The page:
TITAS - AT&T performing Arts Center, Dallas TX MAP
I am about as far behind on my blog-reading as I am on my blog-writing, so this morning I thought I’d try to get caught up on at least the reading part, starting with the wonderfully-written and frequently updated Hell Mouth blog by John Adams. Part of my reason for starting there was also, to be honest, to kick my blog-writing back into action after too-long of a hiatus. (Every time I complain about being too tired to blog, I have a good friend who puts me in my place by reminding me that John Adams posts thoughtful and substantial posts every three-to-four days. And he’s John Adams; a busy guy. I inevitably grumble but concede.)
The post that first caught my attention was this one, about one of my favorite places on earth–Père-Lachaise Cemetery in Paris. I love old cemeteries, and for me, Père-Lachaise is second only to San Michelle’s in Venice, which wins out simply because it’s literally an island of the dead, and that’s pretty creepy. And though San Michelle can boast Diaghilev, Stravinsky, Nono and Ezra Pound among its residents, Père-Lachaise certainly wins out in terms of composer VIPs: Bellini, Bizet, Chausson, Cherubini, Chopin, Dukas, Françaix, Poulenc, and more. And of course there’s also Balzac, Proust, and The Lizard King. (Though it should be mentioned that Vienna’s Zentralfriedhof, probably wins out in terms of the quality of its VIPs–Beethoven, Brahms, Ligeti, Mozart, Schoenberg, Schubert, and others. Still, it doesn’t have the creepy, magical feeling of the other two, and so falls to third place.)
Adams’s description of the cemetery is really wonderful, but the moment that really struck me was the following passage:
We don’t do the pilgrimage to Jim Morrison, but we note with some pleasure that of all the tens of thousands of graves, the one that it is by far and away the most adored, the most visited and the most heaped with flowers and demonstrations of affection is that of a composer, “Fred. Chopin” (as the inscription reads). For all the politicians and wealthy businessmen and puffed up egos that take up room in this seemingly endless cemetery, the ones people gravitate to are those of the artists, and of those, it’s the ones who gave us beauty and a singular awareness of our humanity that receive the most visits. Thus, on this unremarkable weekday afternoon in March with tourist season months away, there is nonethelss a clutch of people clustered around Chopin’s grave, and there is a fresh pile of flowers beneath it.
I first visited Père-Lachaise when I was 16 years old. I had just decided that I wanted to become a composer, though still had no idea what that really meant, or how I was going to do it. I remember that, in the moment when I first saw Chopin’s grave, I was similarly moved. That there must be some deep truth that this man understood, and could share with people; ” beauty and a singular awareness of our humanity,” as Adams puts it. I think that somewhere in my subconscious this re-affirmed my uninformed teenage decision to be a composer, and that the resonance of this moment has kept me going through times of doubt, fear, writers-block, etc. in the years since.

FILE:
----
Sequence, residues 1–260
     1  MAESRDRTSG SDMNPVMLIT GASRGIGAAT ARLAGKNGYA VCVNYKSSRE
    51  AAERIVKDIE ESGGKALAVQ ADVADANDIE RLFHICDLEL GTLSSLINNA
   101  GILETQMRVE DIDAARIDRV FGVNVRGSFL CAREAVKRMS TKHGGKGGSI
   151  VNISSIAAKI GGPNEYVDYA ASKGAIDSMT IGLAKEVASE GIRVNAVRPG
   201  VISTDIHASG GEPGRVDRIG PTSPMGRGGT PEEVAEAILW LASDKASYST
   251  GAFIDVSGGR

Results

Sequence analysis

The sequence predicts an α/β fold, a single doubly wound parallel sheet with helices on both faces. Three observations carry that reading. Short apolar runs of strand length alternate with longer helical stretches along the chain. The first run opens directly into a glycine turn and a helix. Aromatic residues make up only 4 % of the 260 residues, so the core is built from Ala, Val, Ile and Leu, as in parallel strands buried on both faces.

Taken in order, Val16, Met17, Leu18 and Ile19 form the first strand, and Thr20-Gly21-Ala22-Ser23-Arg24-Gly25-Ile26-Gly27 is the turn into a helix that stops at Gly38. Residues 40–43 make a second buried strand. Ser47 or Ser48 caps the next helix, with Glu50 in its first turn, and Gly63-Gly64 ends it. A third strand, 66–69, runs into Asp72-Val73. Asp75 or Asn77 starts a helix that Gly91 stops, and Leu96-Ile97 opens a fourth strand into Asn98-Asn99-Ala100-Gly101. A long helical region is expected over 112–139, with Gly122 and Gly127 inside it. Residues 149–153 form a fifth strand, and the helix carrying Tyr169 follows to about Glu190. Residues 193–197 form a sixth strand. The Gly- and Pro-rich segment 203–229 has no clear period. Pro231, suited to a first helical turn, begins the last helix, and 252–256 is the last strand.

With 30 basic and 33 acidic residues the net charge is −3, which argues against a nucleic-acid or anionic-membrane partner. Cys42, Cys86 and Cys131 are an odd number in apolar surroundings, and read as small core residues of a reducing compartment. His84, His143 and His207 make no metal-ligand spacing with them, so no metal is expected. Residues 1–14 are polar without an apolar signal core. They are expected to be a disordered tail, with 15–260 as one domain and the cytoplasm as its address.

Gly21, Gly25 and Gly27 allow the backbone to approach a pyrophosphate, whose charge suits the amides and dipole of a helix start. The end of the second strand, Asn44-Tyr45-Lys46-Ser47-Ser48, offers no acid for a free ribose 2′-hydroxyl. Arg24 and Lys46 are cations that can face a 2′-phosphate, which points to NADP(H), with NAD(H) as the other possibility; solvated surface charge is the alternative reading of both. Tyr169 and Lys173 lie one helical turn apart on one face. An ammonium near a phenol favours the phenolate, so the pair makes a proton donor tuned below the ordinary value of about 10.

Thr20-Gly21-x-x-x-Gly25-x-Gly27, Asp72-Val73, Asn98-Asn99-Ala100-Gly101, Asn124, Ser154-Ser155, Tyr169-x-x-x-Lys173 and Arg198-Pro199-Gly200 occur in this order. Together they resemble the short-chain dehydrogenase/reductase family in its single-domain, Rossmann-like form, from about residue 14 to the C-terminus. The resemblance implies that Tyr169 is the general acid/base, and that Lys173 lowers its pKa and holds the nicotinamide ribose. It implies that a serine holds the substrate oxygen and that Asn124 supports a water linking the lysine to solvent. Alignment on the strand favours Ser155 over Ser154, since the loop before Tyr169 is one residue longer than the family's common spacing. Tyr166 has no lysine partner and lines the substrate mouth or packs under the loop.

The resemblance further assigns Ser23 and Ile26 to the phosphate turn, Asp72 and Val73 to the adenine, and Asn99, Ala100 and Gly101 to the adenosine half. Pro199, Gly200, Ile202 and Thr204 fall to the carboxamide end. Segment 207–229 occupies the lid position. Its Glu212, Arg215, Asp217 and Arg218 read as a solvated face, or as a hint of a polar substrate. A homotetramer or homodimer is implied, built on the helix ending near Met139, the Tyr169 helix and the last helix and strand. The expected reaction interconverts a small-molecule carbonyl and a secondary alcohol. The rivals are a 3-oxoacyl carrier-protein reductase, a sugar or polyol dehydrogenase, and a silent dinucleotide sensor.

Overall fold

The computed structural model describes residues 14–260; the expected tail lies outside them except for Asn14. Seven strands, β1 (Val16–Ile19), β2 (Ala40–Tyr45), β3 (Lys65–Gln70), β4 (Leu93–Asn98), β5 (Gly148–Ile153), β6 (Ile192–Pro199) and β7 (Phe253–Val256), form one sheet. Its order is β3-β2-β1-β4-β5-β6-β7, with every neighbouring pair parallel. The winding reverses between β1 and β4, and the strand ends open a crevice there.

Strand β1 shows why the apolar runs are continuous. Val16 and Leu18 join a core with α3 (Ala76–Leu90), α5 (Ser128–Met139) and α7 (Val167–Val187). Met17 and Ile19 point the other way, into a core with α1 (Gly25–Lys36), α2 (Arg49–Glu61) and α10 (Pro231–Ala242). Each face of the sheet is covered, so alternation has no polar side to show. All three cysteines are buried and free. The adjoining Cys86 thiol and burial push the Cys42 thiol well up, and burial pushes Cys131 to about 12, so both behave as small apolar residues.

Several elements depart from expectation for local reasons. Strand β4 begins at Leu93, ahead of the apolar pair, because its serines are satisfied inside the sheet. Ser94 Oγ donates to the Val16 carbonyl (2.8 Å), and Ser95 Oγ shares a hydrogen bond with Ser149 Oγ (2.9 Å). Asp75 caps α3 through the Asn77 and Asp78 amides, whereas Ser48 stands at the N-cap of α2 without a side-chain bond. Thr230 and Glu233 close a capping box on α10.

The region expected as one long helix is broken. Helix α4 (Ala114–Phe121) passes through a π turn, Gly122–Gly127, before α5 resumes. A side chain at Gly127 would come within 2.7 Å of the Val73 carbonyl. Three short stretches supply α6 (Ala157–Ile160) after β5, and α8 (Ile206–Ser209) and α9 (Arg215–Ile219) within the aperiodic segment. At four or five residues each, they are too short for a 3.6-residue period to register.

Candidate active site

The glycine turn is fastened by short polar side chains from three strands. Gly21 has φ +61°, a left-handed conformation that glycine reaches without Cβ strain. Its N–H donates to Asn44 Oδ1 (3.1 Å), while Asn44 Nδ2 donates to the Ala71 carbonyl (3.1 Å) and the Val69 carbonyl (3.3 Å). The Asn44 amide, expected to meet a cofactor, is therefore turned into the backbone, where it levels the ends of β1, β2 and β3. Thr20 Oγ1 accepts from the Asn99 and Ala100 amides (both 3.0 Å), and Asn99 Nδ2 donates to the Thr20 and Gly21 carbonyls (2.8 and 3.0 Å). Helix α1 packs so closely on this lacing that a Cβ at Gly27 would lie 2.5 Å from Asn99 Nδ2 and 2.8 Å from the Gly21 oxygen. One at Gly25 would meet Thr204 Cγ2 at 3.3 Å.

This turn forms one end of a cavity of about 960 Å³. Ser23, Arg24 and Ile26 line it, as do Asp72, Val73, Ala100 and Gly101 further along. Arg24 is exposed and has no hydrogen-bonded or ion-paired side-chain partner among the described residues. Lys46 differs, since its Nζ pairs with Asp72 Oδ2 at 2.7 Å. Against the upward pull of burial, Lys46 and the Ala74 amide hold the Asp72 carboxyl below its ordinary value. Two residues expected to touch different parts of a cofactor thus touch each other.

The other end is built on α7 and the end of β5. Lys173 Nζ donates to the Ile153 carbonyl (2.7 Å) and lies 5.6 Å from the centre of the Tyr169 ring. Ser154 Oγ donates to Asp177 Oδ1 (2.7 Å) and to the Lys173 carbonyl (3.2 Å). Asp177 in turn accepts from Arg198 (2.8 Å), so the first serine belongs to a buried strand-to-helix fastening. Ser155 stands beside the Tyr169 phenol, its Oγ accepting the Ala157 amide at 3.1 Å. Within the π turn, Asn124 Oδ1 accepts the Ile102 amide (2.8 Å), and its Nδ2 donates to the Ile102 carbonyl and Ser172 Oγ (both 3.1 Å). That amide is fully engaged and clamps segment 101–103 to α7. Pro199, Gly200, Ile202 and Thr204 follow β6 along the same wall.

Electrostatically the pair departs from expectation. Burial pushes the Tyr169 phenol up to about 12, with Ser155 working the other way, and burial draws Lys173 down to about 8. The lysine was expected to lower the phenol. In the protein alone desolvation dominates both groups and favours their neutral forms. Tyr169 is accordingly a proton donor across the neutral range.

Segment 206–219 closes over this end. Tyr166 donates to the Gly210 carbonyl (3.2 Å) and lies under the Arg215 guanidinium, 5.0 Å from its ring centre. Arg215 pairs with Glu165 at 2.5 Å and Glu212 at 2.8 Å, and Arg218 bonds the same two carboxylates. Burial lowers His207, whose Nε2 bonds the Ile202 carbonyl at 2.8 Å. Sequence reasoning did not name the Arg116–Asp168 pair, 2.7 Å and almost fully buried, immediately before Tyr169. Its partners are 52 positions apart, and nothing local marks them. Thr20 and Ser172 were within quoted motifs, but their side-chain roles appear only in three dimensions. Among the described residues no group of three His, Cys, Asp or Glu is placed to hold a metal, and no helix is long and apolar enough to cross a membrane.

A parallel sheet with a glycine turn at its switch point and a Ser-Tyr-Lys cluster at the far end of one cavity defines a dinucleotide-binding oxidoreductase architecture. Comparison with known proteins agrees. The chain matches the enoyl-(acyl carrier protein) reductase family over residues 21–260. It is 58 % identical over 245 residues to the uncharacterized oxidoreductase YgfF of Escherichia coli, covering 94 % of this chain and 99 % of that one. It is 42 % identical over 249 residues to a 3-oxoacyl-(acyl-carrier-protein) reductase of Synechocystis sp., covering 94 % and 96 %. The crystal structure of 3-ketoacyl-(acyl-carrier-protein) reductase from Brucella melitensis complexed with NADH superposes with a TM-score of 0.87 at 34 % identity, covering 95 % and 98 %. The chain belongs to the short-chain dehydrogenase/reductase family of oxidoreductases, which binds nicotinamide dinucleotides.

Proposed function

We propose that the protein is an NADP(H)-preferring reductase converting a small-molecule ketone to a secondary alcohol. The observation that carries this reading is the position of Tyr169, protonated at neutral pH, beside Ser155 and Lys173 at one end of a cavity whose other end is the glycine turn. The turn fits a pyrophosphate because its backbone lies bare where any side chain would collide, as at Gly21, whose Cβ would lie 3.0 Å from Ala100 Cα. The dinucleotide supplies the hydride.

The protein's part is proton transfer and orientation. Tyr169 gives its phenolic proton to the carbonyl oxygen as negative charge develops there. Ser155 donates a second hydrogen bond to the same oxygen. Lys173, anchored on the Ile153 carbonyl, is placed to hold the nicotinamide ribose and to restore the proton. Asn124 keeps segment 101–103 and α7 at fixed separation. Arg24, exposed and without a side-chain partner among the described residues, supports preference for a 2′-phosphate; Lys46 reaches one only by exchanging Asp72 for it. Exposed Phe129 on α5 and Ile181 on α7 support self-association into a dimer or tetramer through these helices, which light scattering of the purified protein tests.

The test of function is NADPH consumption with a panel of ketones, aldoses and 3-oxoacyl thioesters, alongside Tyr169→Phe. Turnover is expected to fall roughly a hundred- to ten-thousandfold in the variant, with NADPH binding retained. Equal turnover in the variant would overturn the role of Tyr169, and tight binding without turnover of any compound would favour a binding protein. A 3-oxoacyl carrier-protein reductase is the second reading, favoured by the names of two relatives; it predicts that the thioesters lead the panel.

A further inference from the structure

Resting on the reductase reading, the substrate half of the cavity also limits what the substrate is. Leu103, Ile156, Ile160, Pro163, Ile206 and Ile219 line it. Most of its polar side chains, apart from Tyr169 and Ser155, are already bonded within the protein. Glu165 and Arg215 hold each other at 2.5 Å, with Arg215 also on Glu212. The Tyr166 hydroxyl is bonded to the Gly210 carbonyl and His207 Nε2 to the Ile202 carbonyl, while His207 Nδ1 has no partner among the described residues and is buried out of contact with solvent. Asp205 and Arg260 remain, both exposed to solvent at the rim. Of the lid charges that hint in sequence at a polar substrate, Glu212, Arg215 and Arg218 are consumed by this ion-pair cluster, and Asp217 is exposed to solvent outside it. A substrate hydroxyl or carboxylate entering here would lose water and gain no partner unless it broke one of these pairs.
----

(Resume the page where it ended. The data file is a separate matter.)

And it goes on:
The last few months have been a bit of a whirlwind, which explains why I haven’t been able to post here as regularly as I would have liked. That said, I’m happy to report that everything has gone really well.
My opera Vinkensport was a success, I think, both as a piece and in terms of its reception. Newspeak‘s residency at Princeton went very well, and only a week later we went into the studio to record our first CD, which was hard work, but very fun, and what I’ve heard of the tracks sound really great (and heavy!) (Pictures here.) I just got back from Chicago where I had the privilege to perform Corey Dargel‘s 13 Near-Death Experiences with ICE. I haven’t composed any music since January…(I have done some orchestrations)…but I did turn in my dissertation.
Now, I love what I do…well, I wouldn’t say that I “loved” writing the dissertation…and have learned an amazing amount from the diversity of my opportunities, especially from performing the music of other composers. But having just weathered three months of pure craziness does raise the question of how one balances a life like this. Throughout this whole period, as I was constantly unable to attend friend’s shows, or see family, or, you know, eat dinner, I kept finding myself softly chanting “koyaanisqatsi“. I definitely felt a sense of imbalance.
So far my approach to dealing with periods like this has been: get as much done as you can when you can, never really take too long a break, and sacrifice things like sleep, health, family, etc. Clearly, this is stupid. It’s a very undergraduate way of living, and I really can’t do it anymore. In fact, I think when you’re an adult, the word for this kind of approach is “workaholic,” and most things that end in “-aholic” aren’t especially tenable. This, then, is to be my goal moving forward: To continue to produce as much as possible, but not to over-commit or over-extend myself.
I’ll be sure to let you know how all this goes. But for now, it’s off to Baltimore for a run of performances with Marin Alsop and the Baltimore Symphony Orchestra, and then to plan a donor appreciation event for Newspeak, and write a sax quartet. But then that’s it for a while. Really. I promise. I can stop anytime I want. I swear.